2) online (via gittip): https://www.gittip.com/sudoroom/
3) in person (anytime): please drop cash or checks into the clear plastic
box by the door that goes to the elevator
4) in person (at meetings): bring cash or checks to wed. meetings.
don't forget, we still exist in a *precarious month to month financial
situation* so pay your dues :D
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We're going to host a small NymRights gathering next Tuesday (the
27th), probably around 7pm, at sudo room.
For those new to it, we're about making sure the internet stays safe
for anonymous and pseudonymous activity. We're open to the public,
anyone can join, learn, and teach!
See www.nymrights.org for more info!
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Collaboration – If it Were That Easy We Would all Do It – Well
By Carl Frappaolo (@carlfrappaolo) Aug 4, 2010
Collaboration is not new to business, but the recent advent of Web 2.0 and Enterprise 2.0 tools and technologies have changed the collaborative abilities and scale of distributed collaboration for the enterprise. Whether it’s because the “World is Flat” or you want to tap the “Wisdom of Crowds,” collaboration, we are told should be a part of your business strategy.
What Collaboration is Not
But, collaboration is more than a word or even an idea. Many individuals speak of collaboration as if it is a single business process or approach to communication and networking. Much of this attitude stems from the popularized viral adoption of social computing Web 2.0 tools. This is not the case for Enterprise 2.0, the application of collaborative tools within the firewall.
Recently, Democrasoft president, Richard Lang blogged,
“despite best intentions and the best product, an online community will only be successful if there is a motivated person (the Moderator) who is committed to making it successful, on a day-to-day basis”.
Some background: Democrasoft is an “easy to deploy” online collaboration tool. Early history with the product saw hundreds of communities using the platform. But, activity plummeted shortly thereafter, not because the tool didn’t work or meet user demands, but simply because — as Democrasoft found out the hard way, communities need a mission or purpose and a leader. Technology alone is not enough.
Indeed, if web-based collaboration were only about technology, then any organization with even a modest IT budget would be doing it, and doing it well. But this is not the case. Tools to facilitate collaboration are valuable, but they do not obsolesce the need for strategy. Collaboration needs to be deliberately designed and managed in order to maximize effectiveness and the value of the outcome.
If this sounds daunting — you are right. But there are ways to put a framework around your assessment. Begin with your definition of collaboration and community and the specific business goals or objectives desired from collaboration.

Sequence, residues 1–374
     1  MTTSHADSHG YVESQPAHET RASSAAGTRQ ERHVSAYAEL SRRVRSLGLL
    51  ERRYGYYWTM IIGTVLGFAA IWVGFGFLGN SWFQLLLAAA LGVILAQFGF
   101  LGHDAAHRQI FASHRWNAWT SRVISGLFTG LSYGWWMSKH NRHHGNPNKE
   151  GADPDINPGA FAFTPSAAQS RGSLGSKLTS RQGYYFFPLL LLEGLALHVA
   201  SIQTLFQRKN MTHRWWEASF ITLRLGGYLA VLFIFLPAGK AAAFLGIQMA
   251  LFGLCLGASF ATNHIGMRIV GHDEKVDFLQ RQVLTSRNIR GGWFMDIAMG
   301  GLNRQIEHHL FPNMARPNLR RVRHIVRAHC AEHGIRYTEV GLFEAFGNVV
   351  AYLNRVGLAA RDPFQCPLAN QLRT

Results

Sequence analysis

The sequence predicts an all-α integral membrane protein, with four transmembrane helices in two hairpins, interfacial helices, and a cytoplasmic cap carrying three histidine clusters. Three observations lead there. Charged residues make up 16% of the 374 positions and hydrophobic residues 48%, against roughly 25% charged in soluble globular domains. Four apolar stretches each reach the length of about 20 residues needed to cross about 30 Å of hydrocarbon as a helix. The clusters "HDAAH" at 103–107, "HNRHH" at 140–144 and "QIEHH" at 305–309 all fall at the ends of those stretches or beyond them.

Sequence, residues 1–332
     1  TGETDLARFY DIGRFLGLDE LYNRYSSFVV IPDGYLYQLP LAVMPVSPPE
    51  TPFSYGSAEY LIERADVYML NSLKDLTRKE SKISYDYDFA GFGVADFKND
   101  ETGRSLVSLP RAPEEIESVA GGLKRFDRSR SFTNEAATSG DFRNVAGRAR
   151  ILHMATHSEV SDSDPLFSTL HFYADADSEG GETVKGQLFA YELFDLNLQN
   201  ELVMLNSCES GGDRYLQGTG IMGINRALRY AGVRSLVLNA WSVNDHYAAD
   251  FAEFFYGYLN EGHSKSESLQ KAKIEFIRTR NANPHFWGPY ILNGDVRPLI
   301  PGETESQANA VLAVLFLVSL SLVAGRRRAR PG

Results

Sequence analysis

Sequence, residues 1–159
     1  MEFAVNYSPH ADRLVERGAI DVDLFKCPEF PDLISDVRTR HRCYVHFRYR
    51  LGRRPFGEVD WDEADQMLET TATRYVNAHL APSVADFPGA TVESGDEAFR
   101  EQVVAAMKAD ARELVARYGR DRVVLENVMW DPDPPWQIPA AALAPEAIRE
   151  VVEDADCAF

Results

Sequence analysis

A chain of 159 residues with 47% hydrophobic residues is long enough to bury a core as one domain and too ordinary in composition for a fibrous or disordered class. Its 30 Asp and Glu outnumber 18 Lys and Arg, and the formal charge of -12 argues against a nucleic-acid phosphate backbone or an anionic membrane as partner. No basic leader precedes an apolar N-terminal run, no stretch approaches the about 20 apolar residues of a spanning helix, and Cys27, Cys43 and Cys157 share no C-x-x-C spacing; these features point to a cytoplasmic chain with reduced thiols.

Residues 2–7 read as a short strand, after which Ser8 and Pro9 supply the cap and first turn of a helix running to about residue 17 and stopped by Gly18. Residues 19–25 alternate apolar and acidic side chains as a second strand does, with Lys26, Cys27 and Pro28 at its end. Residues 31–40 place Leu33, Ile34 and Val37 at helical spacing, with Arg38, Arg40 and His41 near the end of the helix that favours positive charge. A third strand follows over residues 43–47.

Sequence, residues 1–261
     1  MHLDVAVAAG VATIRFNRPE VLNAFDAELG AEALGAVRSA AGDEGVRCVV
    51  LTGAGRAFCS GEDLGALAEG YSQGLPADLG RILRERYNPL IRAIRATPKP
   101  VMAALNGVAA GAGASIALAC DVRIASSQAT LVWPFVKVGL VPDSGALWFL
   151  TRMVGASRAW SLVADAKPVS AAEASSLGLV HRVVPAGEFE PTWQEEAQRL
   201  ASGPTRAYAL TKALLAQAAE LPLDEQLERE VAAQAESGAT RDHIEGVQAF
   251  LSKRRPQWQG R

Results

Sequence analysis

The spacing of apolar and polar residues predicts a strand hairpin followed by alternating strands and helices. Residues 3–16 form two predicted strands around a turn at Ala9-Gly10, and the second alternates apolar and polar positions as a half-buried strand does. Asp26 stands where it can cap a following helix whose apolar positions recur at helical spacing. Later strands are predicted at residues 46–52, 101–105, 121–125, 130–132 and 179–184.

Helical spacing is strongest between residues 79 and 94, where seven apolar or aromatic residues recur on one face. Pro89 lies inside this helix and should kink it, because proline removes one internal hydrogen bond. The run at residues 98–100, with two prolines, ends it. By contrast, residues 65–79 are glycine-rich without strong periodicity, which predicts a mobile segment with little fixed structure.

The 5 Collaboration Models
As you define the goals and objectives, translate these into a basic collaboration model or platform. There are 5, as illustrated in the pyramid below. These models are inclusive, that is to say that the models higher on the pyramid embrace the needs and characteristics of those below it. Typically this also means that the models higher up on the pyramid occur at a lesser rate than those below it.
Communities of Practice/Interest
Communities of Practice and Interest (COP/I) are social platforms that allow members of a community to share ideas and discussion. They are focused on a particular issue or topic, and provide interpersonal knowledge exchange.
Content collaboration is basically a library. Participants post relevant content, and thus collaboratively build the library over time. This can also include the collaborative authoring of new content.
Process collaboration brings the community together through a business process. Individuals collaborate based on tasks in a coordinated series of orchestrated tasks. The goal is typically process efficiency and control, including identification of the right team member at the right time.
Project collaboration has a defined purpose, a start and end date and clearly defined parameters.
Goal-based collaboration involve projects that have well defined specifically articulated outcomes or questions to be answered. The end date is basically determined by the achievement of the goal.
The collaboration model(s) you identify should be supported by a technology framework that leverages specific features from specific tools including automated work scheduling and groupware, mashups, blogs, wikis and social networking.
Don't Forget Community Dynamics
Finally, pay careful attention to the dynamics of the targeted community or you can jeopardize the success of your effort, in spite of any other planning you have done.
An organization I worked with did not heed this warning. After under going an intensive assessment it was recommended that corporate culture be addressed first and foremost, as it was contradictory to open and transparent collaboration. When this was pointed out, management took it "under advisement". They went ahead and funded an elaborate technology approach to expertise location and collaboration. The project died, and blame was placed on the technology.
This occurred nearly 10 years ago. Will we ever learn? We place new labels on the issue (it's not KM anymore, now its collaboration); new products emerge (SharePoint: "it does everything"), and all too often forget the lessons of the past. We believe that the "new focus" and/or the new technology will deliver on the promise without requiring any strategy.
Sent from my iPad